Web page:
Election Day: Palin, DeMint and Matthews, What People Want

On Tuesday, throw out all the bums—Democrat, Republican, and anyone who makes sense. Leslie H. Gelb on who would be left: Jim DeMint, Sarah Palin, and Chris Matthews.

Pictured from left: Chris Matthews, Sarah Palin, and Jim DeMint. Photo: Getty Images (2); AP Photo

To be sane in a world of madmen is itself a form of insanity, warned the great 19th-century German philosopher Georg Wilhelm Friedrich Hegel. Right on, Georg. Jon Stewart's weekend call for "sanity" shows he doesn't understand 21st-century democracy. So, after this election, forget sanity and civility, and let's just give the people what they want and deserve. Let's vote out every Washington leader who has ever betrayed symptoms of reasonableness and pragmatism. We're sick and tired of those types. We the people don't want RESULTS, we want SOMETHING FOR NOTHING.

Here's the platform the new Washington can succor: We want good schools, but don't fire bad teachers. We want budget deficits wiped out without raising taxes and only by cutting spending. We don't want to say what spending to cut because that would be socialist. Eliminate the Education Department and the State Department, but keep the Small Business Administration and the Marines. Stop regulating Wall Street and the banks, which is something only Hitler and Stalin would do. Let the National Rifle Association handle illegal immigrants. Provide free medical care to all Americans, including illegal immigrants, as God wants. And don't forget—everything depends on cutting taxes.

To carry out this agenda will require some new leadership in capital quarters, but far less than you would suppose. Start with the House of Representatives with its new Republican majority. No need to worry about John Boehner, the present Republican leader. His demonstrated commitment to ignorance about almost every public-policy question certainly qualifies him fully to be Speaker of the House. Though Joe Barton, who saliently said that President Obama was mistreating BP after the oil spill, also deserves consideration. As for Nancy Pelosi, her track record as a Speaker—shepherdess of thousands of bills through that chamber without knowing what was in them or how to pay for them—suggests Democrats should anoint her their Minority Leader. Those skills are hard to duplicate. More qualified people like Representatives Steny Hoyer and Chris Van Hollen should continue to learn at her feet.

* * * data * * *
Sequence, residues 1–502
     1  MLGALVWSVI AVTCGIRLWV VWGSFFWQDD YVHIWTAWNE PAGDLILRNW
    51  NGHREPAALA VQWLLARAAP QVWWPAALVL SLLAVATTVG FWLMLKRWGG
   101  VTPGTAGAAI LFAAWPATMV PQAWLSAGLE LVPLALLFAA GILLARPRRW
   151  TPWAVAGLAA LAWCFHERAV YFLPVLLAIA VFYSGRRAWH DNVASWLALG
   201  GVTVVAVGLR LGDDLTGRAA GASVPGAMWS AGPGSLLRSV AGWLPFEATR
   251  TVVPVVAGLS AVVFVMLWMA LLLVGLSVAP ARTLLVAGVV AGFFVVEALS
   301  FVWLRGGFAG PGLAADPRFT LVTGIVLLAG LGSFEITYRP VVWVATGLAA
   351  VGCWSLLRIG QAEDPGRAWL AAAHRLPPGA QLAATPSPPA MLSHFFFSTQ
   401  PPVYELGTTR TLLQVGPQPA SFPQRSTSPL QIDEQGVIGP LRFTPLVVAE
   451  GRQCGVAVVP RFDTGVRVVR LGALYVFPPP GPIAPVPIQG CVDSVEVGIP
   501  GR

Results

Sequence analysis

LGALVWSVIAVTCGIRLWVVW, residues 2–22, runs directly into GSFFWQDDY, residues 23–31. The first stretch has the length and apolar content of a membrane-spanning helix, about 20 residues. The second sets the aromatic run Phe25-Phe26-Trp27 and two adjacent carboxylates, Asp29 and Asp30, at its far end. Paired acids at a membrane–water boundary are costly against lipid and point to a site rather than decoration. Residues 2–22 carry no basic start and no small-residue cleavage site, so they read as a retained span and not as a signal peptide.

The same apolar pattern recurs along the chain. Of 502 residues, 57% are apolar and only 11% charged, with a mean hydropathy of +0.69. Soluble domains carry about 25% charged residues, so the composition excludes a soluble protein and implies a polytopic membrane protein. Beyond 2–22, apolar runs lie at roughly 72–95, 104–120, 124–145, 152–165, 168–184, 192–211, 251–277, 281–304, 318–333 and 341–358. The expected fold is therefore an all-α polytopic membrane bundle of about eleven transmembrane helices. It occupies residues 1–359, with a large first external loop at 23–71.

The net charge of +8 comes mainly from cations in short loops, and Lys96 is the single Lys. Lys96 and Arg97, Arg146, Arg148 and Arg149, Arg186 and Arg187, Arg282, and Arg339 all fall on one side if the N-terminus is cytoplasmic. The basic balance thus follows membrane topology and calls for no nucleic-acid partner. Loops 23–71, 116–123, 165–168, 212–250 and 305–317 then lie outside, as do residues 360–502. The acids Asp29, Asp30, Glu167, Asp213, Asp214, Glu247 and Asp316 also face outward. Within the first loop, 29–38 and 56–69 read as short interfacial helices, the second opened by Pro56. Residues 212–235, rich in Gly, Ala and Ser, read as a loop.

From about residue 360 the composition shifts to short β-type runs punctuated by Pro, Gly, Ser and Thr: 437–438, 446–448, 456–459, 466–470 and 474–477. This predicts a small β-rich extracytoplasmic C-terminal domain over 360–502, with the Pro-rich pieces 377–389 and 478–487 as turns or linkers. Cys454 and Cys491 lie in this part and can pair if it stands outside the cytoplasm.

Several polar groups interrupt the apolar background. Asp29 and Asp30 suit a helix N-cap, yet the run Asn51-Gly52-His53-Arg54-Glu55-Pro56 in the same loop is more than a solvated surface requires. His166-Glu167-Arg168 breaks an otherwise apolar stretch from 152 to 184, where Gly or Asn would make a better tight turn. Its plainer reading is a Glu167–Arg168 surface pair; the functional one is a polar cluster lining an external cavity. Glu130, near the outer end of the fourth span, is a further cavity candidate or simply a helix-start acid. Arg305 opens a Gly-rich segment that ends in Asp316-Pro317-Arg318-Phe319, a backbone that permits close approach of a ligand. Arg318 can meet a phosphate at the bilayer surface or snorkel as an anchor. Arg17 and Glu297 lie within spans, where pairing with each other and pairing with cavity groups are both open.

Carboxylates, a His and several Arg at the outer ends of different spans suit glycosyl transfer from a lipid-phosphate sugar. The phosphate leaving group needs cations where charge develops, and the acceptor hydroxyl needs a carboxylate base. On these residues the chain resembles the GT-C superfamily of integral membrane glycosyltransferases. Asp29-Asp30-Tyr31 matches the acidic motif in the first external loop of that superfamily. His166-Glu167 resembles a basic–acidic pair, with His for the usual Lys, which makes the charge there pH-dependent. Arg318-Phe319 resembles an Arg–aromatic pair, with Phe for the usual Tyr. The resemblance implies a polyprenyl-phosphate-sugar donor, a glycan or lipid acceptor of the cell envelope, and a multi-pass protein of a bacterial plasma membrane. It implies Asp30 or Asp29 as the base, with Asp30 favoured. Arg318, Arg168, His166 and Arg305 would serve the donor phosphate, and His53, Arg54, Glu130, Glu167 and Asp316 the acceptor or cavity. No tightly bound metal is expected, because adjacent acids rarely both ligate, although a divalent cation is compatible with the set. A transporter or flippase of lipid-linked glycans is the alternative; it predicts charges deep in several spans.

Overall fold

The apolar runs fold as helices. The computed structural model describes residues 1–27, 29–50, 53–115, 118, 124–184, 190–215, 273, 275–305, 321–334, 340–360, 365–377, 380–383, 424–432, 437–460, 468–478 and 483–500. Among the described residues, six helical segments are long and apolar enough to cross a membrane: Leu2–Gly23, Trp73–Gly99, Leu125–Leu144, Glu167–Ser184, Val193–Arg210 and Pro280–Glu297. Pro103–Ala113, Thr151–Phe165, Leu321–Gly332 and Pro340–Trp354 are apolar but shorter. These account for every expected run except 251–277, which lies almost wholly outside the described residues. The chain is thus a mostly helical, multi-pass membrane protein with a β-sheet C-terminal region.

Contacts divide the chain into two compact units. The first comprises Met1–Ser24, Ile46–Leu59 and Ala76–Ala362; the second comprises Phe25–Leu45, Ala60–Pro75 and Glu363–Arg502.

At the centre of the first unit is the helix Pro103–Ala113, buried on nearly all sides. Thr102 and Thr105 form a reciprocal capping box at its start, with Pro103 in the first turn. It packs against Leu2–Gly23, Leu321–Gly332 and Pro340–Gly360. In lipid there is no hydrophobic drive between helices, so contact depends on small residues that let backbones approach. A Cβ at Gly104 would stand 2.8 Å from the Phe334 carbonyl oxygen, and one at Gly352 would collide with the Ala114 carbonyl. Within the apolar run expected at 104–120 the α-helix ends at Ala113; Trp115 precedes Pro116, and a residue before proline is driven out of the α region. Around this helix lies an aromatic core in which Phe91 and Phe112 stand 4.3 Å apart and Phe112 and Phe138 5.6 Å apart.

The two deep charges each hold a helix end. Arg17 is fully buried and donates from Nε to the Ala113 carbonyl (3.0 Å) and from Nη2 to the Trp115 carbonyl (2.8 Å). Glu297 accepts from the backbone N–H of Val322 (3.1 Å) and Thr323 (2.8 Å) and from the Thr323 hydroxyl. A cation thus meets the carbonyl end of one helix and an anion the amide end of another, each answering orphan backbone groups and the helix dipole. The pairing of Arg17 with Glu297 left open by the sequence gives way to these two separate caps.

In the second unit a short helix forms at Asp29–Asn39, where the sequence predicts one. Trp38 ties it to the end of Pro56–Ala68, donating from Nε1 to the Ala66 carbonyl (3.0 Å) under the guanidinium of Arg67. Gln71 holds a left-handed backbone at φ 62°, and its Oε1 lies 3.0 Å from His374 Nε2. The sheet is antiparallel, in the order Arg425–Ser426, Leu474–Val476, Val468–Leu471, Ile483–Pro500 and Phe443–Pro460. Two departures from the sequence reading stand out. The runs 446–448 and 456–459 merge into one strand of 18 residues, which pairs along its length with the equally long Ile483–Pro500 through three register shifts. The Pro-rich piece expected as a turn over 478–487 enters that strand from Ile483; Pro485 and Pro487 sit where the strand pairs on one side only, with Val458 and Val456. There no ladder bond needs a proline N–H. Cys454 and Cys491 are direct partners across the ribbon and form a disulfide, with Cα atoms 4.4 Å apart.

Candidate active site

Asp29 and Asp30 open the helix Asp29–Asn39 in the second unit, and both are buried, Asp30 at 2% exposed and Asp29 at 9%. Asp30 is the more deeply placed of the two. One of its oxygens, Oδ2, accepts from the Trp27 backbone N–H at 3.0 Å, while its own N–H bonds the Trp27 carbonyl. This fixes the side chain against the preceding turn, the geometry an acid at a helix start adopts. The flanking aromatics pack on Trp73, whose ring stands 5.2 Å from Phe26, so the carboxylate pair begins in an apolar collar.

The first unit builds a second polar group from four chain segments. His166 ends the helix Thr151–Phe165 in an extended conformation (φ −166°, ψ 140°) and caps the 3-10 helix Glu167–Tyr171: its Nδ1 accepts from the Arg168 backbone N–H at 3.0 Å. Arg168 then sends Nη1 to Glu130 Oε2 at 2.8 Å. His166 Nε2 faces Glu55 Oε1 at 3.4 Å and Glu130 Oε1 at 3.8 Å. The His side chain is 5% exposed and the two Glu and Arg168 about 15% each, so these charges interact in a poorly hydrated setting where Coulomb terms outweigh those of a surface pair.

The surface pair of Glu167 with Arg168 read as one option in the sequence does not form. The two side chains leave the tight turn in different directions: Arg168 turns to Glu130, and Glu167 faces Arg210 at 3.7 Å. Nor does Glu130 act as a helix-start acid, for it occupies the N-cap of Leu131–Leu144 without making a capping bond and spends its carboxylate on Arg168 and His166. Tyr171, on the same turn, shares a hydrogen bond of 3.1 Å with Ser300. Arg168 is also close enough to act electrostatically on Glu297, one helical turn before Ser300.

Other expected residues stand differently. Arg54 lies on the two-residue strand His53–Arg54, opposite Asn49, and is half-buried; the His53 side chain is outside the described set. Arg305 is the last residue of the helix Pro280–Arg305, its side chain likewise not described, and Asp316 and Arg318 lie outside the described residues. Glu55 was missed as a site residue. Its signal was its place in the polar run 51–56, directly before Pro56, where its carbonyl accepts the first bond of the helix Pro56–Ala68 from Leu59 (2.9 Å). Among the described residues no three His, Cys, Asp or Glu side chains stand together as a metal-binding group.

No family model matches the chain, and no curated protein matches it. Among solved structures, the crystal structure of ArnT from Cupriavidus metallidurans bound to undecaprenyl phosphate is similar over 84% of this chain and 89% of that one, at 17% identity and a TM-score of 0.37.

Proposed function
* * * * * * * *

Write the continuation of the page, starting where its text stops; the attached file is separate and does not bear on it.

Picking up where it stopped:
Tina Brown: Obama’s Morning-After Plan Howard Kurtz: Beware the GOP Coronation As for the Senate, where Democrats will retain control, Harry Reid's nearly unblemished track record of ineptitude makes him even more suited to the future than the past. Far more ept senators like Dick Durbin and Chuck Schumer will have to learn to be less coherent if they wish to succeed him. But it looks like Reid won't be around much longer anyway. Mitch McConnell of Kentucky should be toast as Senate Minority Leader. He failed to deliver a Republican majority in the Senate despite his total resistance to any compromise with the White House. His unreasonableness was dwarfed by his soft voice. And there's an obvious and noble successor for Mitch—Senator Jim DeMint of the great state of South Carolina. He's the Tea Party incarnate and has demonstrated great potential to symbolize the get-something-for-nothing theme.